I don’t recall what brand of cereal I was eating. But I was at the breakfast table when my brother burst in and howled, “Dad’s dead! Dad’s dead.”
It was stupid. It was Candid Camera. It was the cruelest joke ever. It wasn’t even real.
Then Mom staggered in with an ashen expression that didn’t register in my world.
When the prayer cards, flowers, and food arrived I lay at the top of the stairs and listened. Sifting through piles of Lego, eyes turned to the television, I tuned in to everything they said about “the accident.”
Dad was riding his bike to work. The driver swerved out of the lane, struck dad with his wicked jacked up Ford F-250 and fled. He later returned to the scene when it was too late. Two days later we buried Dad on his 38th birthday.
I sat alone and watched reruns in black and white. I closed my bedroom door. I kept it all inside. I grew up.
Suddenly I was about to turn 38, too. Suddenly I had a family of my own. Suddenly my baby girl was nine, my age when my father died. The past swelled up under my skin. I asked for the police report from 1984. I saw the photos and read the driver’s account. I thought confronting the past would help, but I began having trouble sitting still. I began to lose sleep.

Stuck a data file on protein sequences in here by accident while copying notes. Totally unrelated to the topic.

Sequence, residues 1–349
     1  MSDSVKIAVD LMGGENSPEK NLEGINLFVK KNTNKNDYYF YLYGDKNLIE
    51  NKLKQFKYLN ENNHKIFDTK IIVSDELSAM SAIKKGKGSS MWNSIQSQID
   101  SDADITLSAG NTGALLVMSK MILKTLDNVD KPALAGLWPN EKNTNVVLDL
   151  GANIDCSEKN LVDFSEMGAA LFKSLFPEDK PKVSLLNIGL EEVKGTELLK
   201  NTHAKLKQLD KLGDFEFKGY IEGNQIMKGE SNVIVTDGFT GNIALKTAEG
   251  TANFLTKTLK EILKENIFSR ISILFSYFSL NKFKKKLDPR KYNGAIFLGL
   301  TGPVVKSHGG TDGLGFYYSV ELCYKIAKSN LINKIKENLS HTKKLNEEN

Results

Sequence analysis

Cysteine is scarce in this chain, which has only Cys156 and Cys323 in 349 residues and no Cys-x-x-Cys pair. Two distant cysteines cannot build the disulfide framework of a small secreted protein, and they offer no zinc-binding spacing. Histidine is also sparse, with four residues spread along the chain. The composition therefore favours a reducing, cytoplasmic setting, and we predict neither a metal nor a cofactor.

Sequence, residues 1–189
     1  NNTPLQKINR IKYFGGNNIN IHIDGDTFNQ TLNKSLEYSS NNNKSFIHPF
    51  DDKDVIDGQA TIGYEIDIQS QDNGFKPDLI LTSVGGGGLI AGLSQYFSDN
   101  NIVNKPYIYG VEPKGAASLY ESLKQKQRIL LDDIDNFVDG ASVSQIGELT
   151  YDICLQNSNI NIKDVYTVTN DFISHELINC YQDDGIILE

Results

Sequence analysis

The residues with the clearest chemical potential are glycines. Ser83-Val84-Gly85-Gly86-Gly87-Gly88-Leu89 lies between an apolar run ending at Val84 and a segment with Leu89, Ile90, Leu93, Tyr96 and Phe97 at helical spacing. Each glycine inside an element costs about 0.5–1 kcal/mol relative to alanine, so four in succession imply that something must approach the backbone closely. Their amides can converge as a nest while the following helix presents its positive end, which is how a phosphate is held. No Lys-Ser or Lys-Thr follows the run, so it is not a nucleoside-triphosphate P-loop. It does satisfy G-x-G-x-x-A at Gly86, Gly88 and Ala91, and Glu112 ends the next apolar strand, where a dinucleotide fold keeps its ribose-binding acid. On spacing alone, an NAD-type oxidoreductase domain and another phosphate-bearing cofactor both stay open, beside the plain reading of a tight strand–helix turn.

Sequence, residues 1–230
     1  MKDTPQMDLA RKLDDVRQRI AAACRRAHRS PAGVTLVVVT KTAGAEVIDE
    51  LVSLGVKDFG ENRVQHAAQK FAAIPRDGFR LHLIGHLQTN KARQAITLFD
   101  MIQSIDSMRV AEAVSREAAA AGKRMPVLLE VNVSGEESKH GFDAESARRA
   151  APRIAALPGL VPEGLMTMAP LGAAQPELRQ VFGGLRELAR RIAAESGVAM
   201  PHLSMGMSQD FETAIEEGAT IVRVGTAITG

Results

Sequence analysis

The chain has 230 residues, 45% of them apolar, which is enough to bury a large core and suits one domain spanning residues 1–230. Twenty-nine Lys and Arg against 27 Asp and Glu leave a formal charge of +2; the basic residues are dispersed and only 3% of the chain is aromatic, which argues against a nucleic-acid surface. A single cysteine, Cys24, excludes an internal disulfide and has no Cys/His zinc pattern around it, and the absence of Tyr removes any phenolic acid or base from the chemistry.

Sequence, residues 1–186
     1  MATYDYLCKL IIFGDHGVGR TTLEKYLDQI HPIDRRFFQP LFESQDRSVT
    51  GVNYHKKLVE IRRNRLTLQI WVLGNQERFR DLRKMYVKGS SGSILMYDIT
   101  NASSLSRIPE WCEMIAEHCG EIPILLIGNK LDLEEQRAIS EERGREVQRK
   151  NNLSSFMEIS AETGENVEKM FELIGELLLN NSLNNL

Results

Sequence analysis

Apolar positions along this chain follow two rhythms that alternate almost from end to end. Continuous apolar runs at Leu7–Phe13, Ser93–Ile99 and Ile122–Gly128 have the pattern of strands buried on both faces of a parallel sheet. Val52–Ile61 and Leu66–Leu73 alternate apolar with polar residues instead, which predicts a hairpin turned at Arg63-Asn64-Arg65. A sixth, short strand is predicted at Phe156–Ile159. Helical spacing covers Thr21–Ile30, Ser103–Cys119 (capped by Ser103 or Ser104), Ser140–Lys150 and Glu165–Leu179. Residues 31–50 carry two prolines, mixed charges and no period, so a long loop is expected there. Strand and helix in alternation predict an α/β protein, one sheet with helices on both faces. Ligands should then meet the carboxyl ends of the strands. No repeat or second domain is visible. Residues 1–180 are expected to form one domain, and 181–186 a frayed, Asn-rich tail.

If I penetrated the sadness, anger, resentment and frustration that I had held onto for so long I wasn’t certain I could keep it all together. For 29 years I had kept my struggles with anxiety internal. I was from a blue collar town in South Jersey, the son of a Marine Sergeant. I thought that I could tough it out.
But I finally broke down. I started seeing a therapist. I talked to friends. Surprisingly, most of them had dealt with similar difficulties. And they seemed to respect me more, not less, for my confessions. Getting help made a difference. I slowly began to improve.
I didn’t forget that when the anxious feelings had been at the worst I had made a promise — to God, to Dad, to myself, to whomever might listen to my thoughts and prayers — that if I ever got better, I wouldn’t be ashamed tell everyone that it could get better.
I thought that my story might help someone else.
I hope that it will.
With a Perspective, I’m Jonathan Slusher.
Jonathan Slusher is a writer and stay-at-home dad. He lives in Half Moon Bay.